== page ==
ClickZ asks a number of industry leaders what they expect the biggest topics of conversation at this year's South By Southwest will be. Unsurprisingly, wearables is a popular theme.
With only one day to go until one of the biggest industry events of the year, ClickZ is super excited to be attending the South By Southwest (SXSW) Interactive festival 2014. From Saturday, March 8, through to Tuesday, March 11, we’ll be bringing you original coverage of the largest trends that are coming out of the event, as well as exclusive interviews with some of the biggest marketing and technology influencers.
But before we go anywhere, we wanted to give you a sneak peek into some of the biggest topics of conversation at this year’s SXSW Interactive – or the biggest anticipated topics of conversation, should we say. In order to do that, ClickZ asked a few industry leaders their thoughts on what they expect. Here’s what they said:
ClickZ: What do you expect the biggest topics of conversation to be this year at SXSW and what are you most looking forward to?
Kayla Green, director of Digital and Enterprise Strategy, Saatchi & Saatchi LA
I think we’re going to see a lot of discussion around the topic of privacy this year. It's a subject that’s top of mind right now and as we hear from companies who are leading in new digital capabilities, there will be questions around the privacy implications of these new technologies and tools. Brands and agencies need to be cognizant that this is something audiences want to know more about, and we’d be doing ourselves a disservice if we rallied around new technologies and innovations without asking the tough questions around privacy and data management.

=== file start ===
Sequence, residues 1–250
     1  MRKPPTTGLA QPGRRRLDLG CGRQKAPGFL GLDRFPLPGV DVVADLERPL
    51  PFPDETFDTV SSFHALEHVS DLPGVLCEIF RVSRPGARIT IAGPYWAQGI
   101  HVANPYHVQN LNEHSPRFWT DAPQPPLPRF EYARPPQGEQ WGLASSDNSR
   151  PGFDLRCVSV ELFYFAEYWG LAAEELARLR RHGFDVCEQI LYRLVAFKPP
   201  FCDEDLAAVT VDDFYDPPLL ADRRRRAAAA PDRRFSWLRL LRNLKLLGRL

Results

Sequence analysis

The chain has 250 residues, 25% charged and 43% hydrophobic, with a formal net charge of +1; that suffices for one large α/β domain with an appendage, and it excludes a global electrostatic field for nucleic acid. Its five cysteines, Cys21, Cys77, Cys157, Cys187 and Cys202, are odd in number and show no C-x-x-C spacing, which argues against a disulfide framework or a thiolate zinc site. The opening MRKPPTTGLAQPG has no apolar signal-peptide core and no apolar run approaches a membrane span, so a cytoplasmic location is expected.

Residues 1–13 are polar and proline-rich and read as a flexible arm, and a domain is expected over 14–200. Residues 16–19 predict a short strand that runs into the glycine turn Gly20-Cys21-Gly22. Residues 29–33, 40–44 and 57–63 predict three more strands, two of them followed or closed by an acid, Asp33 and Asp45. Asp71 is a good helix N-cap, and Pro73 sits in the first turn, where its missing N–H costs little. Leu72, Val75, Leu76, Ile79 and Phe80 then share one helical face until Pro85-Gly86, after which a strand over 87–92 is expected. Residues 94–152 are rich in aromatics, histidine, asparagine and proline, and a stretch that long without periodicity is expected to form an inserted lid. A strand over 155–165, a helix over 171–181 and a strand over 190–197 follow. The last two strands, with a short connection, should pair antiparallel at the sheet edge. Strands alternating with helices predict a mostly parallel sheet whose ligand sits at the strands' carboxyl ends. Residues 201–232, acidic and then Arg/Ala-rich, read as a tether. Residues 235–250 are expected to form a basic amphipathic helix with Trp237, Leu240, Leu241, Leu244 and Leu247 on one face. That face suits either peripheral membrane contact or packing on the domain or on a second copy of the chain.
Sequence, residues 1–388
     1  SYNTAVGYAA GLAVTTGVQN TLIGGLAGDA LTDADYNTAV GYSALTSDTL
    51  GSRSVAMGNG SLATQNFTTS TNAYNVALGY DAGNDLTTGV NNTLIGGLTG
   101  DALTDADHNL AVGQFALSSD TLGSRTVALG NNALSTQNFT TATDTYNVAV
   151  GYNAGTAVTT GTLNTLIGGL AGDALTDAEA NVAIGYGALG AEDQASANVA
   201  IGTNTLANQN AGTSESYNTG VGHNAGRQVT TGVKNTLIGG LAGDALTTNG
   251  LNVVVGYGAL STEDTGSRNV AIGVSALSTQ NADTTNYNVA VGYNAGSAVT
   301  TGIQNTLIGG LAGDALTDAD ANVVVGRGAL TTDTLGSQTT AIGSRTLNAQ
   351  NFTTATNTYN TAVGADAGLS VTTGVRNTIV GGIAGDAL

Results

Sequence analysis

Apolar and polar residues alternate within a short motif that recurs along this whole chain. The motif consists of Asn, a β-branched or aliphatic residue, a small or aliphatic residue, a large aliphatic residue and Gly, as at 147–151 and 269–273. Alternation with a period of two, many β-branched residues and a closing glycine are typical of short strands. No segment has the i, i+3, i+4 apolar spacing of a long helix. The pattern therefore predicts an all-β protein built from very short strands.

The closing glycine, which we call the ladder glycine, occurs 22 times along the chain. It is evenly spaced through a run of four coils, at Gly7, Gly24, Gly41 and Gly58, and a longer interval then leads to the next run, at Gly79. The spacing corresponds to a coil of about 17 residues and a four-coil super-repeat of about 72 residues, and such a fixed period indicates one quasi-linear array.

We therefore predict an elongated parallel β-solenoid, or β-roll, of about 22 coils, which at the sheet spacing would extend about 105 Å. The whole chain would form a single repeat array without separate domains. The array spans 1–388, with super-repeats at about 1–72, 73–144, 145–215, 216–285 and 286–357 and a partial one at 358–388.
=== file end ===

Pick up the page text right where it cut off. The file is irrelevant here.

The conversion of technology and marketing lands at SXSW, so it’s natural that the new apps, services, social media platforms, and tools that make our lives better always seem to shine in Austin. However, the conversation this year may not be around the newest shiny object, but rather around questions of privacy - how secure is user information, where is the data stored, who owns the data, and how does the audience maintain privacy with these new products and services?
What I’m most looking forward to? My job is to understand human behavior and motivations surrounding digital technologies and platforms. Those of us in strategic planning fields look forward to SXSW as a meeting ground for experimentation with leading edge technologies and social platforms. Once a year, we find ourselves in Austin with thousands of early adopters who jump head first into the new launches of products, apps, and services while at the Interactive festival. These early adopters spend their time in Austin talking about what’s on their phone, what they’re wearing, who they’ve connected with, and how. All of this new technology leaves people like me searching for the how and the why of this new media usage so that we can generate a level of foresight and understanding of how we can apply these new technologies to our business.
Heidi Browning, senior vice president, Strategic Solutions, Pandora